There has been no relief from the relentless downturn in UK manufacturing, with further falls in orders, output and employment.
The latest CBI Quarterly Industrial Trends Survey of almost 900 firms offers few signs of improvement since the end of the war in Iraq, with orders and confidence still in decline.
Domestic orders fell faster than expected over the last three months and have been declining for over three years. Despite a weakening pound, export orders fell at their fastest rate for 18 months, with almost one in four firms recording a fall. Export orders have now been falling for nearly seven years, the CBI adds.
Output also dropped, with more than two-thirds of companies reporting they were working below capacity.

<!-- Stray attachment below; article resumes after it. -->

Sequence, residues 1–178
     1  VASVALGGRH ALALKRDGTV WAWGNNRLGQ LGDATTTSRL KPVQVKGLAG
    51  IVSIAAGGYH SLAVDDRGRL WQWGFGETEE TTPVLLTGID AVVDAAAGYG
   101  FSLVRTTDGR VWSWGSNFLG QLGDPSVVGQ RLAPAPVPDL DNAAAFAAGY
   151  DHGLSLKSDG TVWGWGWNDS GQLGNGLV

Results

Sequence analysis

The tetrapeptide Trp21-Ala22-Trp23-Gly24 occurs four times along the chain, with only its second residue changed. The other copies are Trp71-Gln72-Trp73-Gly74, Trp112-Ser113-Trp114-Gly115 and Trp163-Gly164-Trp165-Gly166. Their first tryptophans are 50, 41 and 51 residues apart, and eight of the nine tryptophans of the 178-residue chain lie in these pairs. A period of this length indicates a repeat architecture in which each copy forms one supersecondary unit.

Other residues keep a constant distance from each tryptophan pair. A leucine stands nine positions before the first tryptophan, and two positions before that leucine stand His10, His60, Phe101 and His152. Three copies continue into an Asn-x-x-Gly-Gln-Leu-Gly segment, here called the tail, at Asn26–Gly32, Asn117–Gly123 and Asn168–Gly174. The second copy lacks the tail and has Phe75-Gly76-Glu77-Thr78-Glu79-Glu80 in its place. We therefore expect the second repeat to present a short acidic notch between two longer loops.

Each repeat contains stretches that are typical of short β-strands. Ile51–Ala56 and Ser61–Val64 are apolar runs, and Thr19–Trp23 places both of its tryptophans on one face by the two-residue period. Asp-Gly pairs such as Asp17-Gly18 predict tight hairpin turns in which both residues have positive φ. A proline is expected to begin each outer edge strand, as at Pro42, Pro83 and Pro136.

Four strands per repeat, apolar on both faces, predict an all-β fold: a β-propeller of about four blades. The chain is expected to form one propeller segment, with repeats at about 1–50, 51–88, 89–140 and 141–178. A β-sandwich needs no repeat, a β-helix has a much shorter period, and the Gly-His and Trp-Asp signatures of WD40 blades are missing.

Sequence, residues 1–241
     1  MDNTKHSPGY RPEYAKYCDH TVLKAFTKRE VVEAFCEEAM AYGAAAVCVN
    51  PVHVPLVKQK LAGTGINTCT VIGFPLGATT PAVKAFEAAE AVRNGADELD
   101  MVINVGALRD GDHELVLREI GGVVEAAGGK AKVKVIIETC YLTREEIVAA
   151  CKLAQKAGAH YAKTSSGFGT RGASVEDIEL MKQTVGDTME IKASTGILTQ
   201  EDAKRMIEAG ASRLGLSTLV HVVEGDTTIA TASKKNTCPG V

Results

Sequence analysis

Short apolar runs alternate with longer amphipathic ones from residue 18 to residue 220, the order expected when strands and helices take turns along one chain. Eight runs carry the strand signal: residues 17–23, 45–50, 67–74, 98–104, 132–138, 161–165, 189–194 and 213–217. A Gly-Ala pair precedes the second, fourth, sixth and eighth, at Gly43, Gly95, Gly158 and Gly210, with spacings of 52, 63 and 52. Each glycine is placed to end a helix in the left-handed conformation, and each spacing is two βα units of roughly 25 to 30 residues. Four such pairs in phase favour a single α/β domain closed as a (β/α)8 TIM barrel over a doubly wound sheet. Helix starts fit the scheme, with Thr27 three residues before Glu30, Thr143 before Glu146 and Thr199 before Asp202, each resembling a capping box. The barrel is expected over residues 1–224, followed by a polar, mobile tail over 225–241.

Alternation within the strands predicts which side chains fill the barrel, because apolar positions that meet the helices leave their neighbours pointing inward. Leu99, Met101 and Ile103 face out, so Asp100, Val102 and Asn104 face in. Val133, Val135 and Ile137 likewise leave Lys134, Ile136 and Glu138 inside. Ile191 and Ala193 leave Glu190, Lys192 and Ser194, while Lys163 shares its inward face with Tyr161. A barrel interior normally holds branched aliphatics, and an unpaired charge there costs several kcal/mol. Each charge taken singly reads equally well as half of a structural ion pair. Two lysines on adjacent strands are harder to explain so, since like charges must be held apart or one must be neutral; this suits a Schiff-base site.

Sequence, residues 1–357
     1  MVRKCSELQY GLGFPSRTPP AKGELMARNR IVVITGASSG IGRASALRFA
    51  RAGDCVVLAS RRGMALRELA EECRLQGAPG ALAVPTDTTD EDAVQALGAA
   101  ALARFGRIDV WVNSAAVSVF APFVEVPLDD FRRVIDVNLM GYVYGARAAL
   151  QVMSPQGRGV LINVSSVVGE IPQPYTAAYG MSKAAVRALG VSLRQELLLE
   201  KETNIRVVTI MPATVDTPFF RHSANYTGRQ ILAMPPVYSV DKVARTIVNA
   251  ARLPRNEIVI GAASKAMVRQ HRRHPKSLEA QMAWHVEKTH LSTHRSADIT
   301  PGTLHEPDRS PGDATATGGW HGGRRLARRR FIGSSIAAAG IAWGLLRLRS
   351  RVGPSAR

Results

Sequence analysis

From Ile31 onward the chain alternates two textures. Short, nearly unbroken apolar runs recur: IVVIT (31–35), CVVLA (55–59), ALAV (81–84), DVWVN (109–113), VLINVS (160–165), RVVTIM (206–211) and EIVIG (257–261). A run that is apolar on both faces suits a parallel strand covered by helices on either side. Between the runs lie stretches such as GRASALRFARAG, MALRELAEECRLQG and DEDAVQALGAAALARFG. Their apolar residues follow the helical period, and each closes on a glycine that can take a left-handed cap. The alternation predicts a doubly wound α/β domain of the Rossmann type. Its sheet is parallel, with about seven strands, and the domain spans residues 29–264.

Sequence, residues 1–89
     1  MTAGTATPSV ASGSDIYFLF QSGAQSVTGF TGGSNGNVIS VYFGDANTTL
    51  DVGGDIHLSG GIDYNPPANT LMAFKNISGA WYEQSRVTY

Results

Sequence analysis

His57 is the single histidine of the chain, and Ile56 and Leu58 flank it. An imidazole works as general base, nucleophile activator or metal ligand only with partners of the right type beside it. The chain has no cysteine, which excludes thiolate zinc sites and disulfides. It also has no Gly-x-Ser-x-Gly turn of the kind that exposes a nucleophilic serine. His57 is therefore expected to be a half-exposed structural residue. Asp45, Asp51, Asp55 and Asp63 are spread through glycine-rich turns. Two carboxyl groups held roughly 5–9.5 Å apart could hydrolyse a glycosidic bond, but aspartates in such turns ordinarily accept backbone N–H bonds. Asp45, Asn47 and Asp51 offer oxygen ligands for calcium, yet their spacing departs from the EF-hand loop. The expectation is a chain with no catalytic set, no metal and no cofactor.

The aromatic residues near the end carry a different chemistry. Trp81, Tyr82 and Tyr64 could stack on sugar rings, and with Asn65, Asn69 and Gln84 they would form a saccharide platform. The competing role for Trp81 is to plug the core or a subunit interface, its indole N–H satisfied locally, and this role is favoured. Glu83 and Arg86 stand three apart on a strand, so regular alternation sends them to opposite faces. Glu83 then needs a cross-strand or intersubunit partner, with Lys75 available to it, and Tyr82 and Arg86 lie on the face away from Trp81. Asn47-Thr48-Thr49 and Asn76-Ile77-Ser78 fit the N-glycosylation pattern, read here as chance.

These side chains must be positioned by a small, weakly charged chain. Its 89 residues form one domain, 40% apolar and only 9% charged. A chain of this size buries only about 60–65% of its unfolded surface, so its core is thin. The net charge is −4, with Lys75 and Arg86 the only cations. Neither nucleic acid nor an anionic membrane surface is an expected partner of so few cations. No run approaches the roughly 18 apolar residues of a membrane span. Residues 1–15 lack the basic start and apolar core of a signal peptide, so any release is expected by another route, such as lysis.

"Manufacturers have enjoyed little relief in the three months following the end of conflict in Iraq and the downturn in orders appears relentless despite the recent softening of the pound," said CBI chief economist Ian McCafferty.
"Manufacturers' main hope is that a pick-up in the United States later this year helps trigger a gradual recovery in the UK."
Job shedding continued at a rapid pace over the past three months, but at a slightly slower rate than expected.
Companies also continued to cut prices in an attempt to hold on to their markets, with downward price pressure undiminished.
The CBI's survey follows figures for the second quarter of 2003 from the British Chambers of Commerce which painted a "disappointing and worrying" picture of business confidence.
Despite a slight improvement from the first quarter of 2003, many companies polled said business was worse than last year, the report said.